Leave the house to thoroughly dry. It’s ideal to do the initial clean on a sunny day as the UV can kill some bacteria and will dry the house quicker. Put the coop back together and add bedding (dispose the old bedding in a plastic bag in a bin as the red mites will happily find somewhere else to live).
5) Red mite powder
Sprinkle the whole coop and your chickens with a red mite powder. Ensure you rub the powder onto the perches so any remaining mites will have to crawl through it to reach your chickens. Omlet stocks a large range of red mite powders and diatom powders to deal with red mite infestations.
6) Repeat red mite powder treatment
Re-apply the red mite powder every couple of days or when it has rubbed of. Red mite are only active during mild weather, so in the UK the red mite season usually falls between May and October. During the fall and winter, the mites become dormant and do not feed. But this doesn’t per se mean they are gone…
It’s very common for people to assume that crate training is cruel and that dogs don’t like small spaces, but it has been shown that dogs love a calm, safe place that they can rest in and call their own. A dog crate offers a place to train as well as a place to sleep at night. It offers security from loud noises like fireworks and thunder, and a place to snooze after a long and tiring walk.
Crate training is an important process in your dog’s life, and is really helpful with toilet training your dog, so you’ll want to make the experience enjoyable for both you and your pet. The key thing is to make sure that your friend is happy and comfortable in their crate. There are a number of things that you can do to reinforce the idea that this is a nice, safe space for your dog to be in.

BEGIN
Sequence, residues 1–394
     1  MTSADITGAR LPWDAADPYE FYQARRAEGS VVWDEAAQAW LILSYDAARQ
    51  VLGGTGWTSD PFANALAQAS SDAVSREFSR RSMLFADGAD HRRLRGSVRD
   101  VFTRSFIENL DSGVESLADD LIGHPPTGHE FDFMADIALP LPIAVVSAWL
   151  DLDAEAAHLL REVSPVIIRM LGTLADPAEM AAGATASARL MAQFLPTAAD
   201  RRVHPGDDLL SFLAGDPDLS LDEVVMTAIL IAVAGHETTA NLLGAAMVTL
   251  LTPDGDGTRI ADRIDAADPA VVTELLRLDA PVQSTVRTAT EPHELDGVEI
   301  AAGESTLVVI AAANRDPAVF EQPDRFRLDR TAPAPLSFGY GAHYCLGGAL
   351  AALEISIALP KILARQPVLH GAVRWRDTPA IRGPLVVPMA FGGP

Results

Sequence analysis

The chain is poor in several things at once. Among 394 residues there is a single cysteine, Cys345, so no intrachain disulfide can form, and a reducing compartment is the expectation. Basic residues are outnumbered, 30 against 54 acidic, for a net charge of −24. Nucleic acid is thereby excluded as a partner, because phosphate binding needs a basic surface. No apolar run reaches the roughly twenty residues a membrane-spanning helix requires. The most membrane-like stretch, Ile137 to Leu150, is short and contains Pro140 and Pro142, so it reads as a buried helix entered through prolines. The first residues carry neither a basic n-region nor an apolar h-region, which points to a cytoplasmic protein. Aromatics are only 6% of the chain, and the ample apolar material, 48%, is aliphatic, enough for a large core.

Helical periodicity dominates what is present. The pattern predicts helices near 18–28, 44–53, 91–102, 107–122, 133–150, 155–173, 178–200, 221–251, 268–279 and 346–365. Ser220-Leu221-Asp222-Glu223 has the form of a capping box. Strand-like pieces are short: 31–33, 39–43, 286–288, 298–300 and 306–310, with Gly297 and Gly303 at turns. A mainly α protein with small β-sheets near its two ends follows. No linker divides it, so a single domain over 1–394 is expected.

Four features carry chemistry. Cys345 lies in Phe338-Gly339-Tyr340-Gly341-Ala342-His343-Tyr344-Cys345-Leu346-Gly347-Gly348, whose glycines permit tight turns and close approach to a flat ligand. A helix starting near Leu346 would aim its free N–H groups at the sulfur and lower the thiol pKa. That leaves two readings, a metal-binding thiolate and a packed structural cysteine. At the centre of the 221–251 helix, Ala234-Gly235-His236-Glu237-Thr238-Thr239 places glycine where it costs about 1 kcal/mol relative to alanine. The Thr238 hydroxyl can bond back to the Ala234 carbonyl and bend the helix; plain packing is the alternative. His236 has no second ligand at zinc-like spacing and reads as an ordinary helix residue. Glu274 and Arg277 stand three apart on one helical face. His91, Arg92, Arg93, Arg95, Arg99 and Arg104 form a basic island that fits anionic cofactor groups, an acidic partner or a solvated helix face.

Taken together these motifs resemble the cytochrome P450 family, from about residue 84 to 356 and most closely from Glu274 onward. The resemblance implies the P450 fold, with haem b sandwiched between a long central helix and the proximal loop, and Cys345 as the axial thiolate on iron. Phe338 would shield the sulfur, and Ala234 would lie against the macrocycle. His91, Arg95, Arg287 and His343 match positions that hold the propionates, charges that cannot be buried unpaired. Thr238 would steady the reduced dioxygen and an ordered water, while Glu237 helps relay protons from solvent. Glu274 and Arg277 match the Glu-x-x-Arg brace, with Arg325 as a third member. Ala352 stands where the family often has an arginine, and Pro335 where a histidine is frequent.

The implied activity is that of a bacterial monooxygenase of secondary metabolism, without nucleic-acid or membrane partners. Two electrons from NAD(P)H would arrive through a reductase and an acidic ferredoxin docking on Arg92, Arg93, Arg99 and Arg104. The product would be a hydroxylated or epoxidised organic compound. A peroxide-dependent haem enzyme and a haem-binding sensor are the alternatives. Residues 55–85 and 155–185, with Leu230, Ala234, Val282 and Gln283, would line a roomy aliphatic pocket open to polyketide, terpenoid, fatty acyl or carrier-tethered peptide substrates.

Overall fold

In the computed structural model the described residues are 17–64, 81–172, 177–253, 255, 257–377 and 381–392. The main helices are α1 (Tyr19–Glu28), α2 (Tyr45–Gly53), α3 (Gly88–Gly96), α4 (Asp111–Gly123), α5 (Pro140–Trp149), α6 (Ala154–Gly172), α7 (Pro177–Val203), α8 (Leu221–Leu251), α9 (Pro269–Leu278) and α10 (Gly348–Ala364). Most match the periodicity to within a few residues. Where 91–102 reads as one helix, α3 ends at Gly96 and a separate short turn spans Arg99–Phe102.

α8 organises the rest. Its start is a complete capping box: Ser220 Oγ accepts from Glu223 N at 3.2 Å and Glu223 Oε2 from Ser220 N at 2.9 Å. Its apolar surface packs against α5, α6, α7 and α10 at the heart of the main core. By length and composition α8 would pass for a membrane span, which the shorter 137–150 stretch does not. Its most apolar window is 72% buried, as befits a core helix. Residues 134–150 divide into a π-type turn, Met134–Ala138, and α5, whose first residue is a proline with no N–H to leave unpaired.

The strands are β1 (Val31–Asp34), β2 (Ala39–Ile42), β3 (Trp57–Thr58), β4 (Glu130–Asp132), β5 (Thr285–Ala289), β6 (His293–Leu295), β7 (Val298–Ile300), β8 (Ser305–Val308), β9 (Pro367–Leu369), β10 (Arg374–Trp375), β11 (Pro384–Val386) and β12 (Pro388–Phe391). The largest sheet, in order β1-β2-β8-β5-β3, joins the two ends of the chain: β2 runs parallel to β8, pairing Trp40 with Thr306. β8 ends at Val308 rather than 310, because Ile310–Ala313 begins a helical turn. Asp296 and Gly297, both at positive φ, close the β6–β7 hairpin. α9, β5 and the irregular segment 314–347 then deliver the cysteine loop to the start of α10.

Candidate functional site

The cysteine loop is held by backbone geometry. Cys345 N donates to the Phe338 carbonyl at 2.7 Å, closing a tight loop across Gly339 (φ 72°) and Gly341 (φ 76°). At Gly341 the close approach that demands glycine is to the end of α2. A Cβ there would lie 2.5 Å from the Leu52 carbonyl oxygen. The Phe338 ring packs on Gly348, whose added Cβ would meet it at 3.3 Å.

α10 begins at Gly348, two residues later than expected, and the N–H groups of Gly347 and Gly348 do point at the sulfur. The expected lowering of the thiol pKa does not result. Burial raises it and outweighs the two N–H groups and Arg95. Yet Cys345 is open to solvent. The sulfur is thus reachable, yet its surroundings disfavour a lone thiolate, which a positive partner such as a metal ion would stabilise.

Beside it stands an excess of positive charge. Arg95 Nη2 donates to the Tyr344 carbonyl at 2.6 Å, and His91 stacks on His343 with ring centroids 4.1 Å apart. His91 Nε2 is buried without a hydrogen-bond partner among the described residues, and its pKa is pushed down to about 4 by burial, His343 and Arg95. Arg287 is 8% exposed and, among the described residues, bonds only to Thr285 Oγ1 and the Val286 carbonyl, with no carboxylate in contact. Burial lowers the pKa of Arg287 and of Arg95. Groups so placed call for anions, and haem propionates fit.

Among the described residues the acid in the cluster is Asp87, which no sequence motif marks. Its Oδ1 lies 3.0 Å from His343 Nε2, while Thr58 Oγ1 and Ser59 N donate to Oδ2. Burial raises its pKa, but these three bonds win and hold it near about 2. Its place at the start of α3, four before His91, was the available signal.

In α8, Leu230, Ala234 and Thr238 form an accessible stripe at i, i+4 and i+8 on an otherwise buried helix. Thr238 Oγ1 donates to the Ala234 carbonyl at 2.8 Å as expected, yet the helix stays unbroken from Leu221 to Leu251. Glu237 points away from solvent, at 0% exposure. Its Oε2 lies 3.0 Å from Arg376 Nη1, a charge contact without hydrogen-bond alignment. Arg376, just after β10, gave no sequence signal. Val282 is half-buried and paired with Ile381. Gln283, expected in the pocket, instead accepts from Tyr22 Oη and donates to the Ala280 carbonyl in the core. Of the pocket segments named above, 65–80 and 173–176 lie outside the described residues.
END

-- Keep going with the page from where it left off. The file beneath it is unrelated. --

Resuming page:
Here’s 7 reasons why crate training is important for a new puppy:
Appeals to a dog’s instinctual desire for a den-like structure.
Sets a puppy up for success by reducing wee and poop accidents.
Prepares a pup for handling alone time.
Serves as a time-out device for pups and owners needing breaks.
Discourages and reduces separation anxiety in many cases.
Gets pups used to confinement that may be required at the vet’s, the groomer’s and during car trips.
Contains a pup if he is injured and his mobility must be limited.
Make crate training an enjoyable experience
Create a positive association with the crate using food and treats. Start feeding your dog near to the crate, and perhaps even put treats in the bedding. This way the idea of food, which is positive, will be associated with the crate.
Use a blanket. Covering the top of the cage will give it a more solid, den-like appearance, and may make some dogs more comfortable with using it.
Crate train slowly. You need to be patient with your pet, as this can be a bit of a difficult concept for them to grasp. If you rush training, it’s unlikely to stick, and this can create frustration for the pair of you.
You can secure a traditional dog crate in the Fido Nook when you are puppy training. Using the innovative quick release lock you can remove the dog crate whenever you want to transform the Fido Nook into the ultimate luxury dog kennel.
It is always best to crate your dogs when travelling in a car so that they are secure and wont be at risk of injury if you break sharply or are involved in an accident. It also means they are not a distraction to you as the driver making it a much safer journey for everyone.
Make sure your dog is crate trained before you first want to take them on a trip. Some dogs find journeys stressful, you don’t want to increase this stress by putting them in a crate for the first time and then putting them in a moving vehicle.
A crate shouldn’t be used as a form of punishment, positive reinforcement will encourage your dogs to use the crate with ease. Never force them to go in their crate, leave the door open and let them go into the crate by themselves.